Israel gave the Palestinians their own land in 2006 when they gave them autonomy over the Gaza strip. Israel’s northern border with Lebanon is an internationally recognized border, yet Hezbollah and their Iranian handlers have fired over 20,000 deadly rockets, missiles, and suicide drones on Israel in the past eight months.

Muslims are the majority in 49 countries. The Arab League counts 22 member countries. There is only one Jewish state—and it’s the size of the state of New Jersey! Instead of being grateful for the incredible abundance that they have, the Arab enemies of Israel refuse to allow the Jews the little that they have.

This has nothing to do with land. The Talmud is teaching us that, like the famous anti-Semite Haman, what drives today’s anti-Semites is nothing other than a mental disease—an obsession to have it all. Like their Persian ancestor, Haman, modern-day anti-Semites demand to have what rightfully belongs to others as well. And this will ultimately be their downfall.

If it was a Palestinian state that the Arabs were after, they would never have turned down the opportunity to have one so many times. In 1947, 1993, and 2000 they were offered a Palestinian state on a silver platter. Instead of graciously accepting what they claim to so passionately seek, they declared war on Israel, betraying their true intentions. It’s not that they need a state, as much as their mad obsession with us not having one! How poignant were the words of Golda Meir when she observed that “they hate us more than they love their own children.” 

Though he had every reason to fear Haman, Mordechai of the Purim story responded with dignity and grace. Refusing to cower, he calls the Jewish nation together in unity and prayer as they prepare to fight anti-Semitism with moral integrity coupled with skilled diplomacy and military might.

In much the same way, we too must never react to anti-Semitism with fear. Understanding its roots as a mental imbalance of our enemies diffuses the toxicity of its impact. Those who fail to learn from history are doomed to repeat it. The victim cannot cure this disease. Now is the time for us to be like Mordechai—standing fearlessly before our enemies as we proudly represent our Jewish faith and the rest of our nation.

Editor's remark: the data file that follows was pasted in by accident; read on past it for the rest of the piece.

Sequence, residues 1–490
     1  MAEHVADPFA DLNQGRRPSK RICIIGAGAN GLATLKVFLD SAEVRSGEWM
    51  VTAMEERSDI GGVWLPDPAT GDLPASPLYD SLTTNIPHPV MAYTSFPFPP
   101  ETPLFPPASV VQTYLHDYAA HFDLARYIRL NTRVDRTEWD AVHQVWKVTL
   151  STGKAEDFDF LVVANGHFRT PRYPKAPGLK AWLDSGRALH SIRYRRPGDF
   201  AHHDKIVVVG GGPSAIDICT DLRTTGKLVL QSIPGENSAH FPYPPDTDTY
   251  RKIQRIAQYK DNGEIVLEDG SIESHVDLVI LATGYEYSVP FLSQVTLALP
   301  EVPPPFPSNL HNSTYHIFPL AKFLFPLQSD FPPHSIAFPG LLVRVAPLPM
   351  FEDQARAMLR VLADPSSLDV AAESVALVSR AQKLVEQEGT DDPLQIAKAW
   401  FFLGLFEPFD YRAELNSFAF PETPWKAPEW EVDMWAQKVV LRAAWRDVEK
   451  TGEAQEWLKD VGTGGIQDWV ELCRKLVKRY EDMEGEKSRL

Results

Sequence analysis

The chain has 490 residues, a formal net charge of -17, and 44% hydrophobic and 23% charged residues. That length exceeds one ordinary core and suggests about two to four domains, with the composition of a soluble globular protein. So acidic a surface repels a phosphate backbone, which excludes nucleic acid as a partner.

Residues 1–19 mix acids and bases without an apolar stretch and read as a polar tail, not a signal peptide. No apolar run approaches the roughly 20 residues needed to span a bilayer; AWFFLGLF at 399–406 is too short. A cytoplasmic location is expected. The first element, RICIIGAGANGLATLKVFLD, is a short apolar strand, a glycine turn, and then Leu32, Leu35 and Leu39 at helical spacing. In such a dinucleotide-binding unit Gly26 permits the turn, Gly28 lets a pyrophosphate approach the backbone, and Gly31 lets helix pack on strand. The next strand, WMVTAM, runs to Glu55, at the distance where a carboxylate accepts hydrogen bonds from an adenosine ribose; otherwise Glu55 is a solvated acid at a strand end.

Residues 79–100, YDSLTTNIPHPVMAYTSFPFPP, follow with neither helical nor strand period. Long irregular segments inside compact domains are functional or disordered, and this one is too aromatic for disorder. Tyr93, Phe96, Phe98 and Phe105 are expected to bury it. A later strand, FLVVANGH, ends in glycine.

All this meshugas does bring with it an unexpected side effect: For seventy-five years since the Holocaust, we seemed to have fallen into a lull—a false sense of security. Whilst the older generation had a sensitivity to Jewish customs, tradition, and observance, the younger generation seems to have moved away from it, losing interest in Jewish traditions that seem less relevant and necessary. But the rise of anti-Semitism this year has forced us out of our slumber—reminding us of the critical importance of our Jewish identity, in ways that we could never have anticipated.

Pain is real, but so is hope. G-d gives his hardest battles to his toughest soldiers.

Rabbi Dovid Vigler
Chabad of Palm Beach Gardens

6100 PGA Blvd, Palm Beach Gardens, FL 33418  | 561.624.2223

Instagram @JewishGardens

About the Author
Raised in South Africa, Rabbi Dovid Vigler is the founder and spiritual leader of Chabad of Palm Beach Gardens in Florida. As a gifted orator and creative thinker, he strives to share the beauty and depth of Jewish Mysticism in a clear, conversational and down-to-earth manner. Whether in his popular in-person and written sermons or in his thought provoking Torah classes on social media, he raises his students to new heights by transforming ancient pearls of wisdom into modern solutions to timeless quandaries His weekly Radio Show—The Schmooze—was internationally broadcast on six stations, reaching nearly one hundred thousand listeners weekly for almost a decade. His most recent book, “If G-d is Good, Why Can Life Be So Bad?” is renowned for its unprecedented approach to making timeless Jewish mysticism understandable and relatable even to most uninitiated readers. It is available on Amazon. His inspirational books, seminars, essays and uplifting messages can be found on Follow his daily teachings at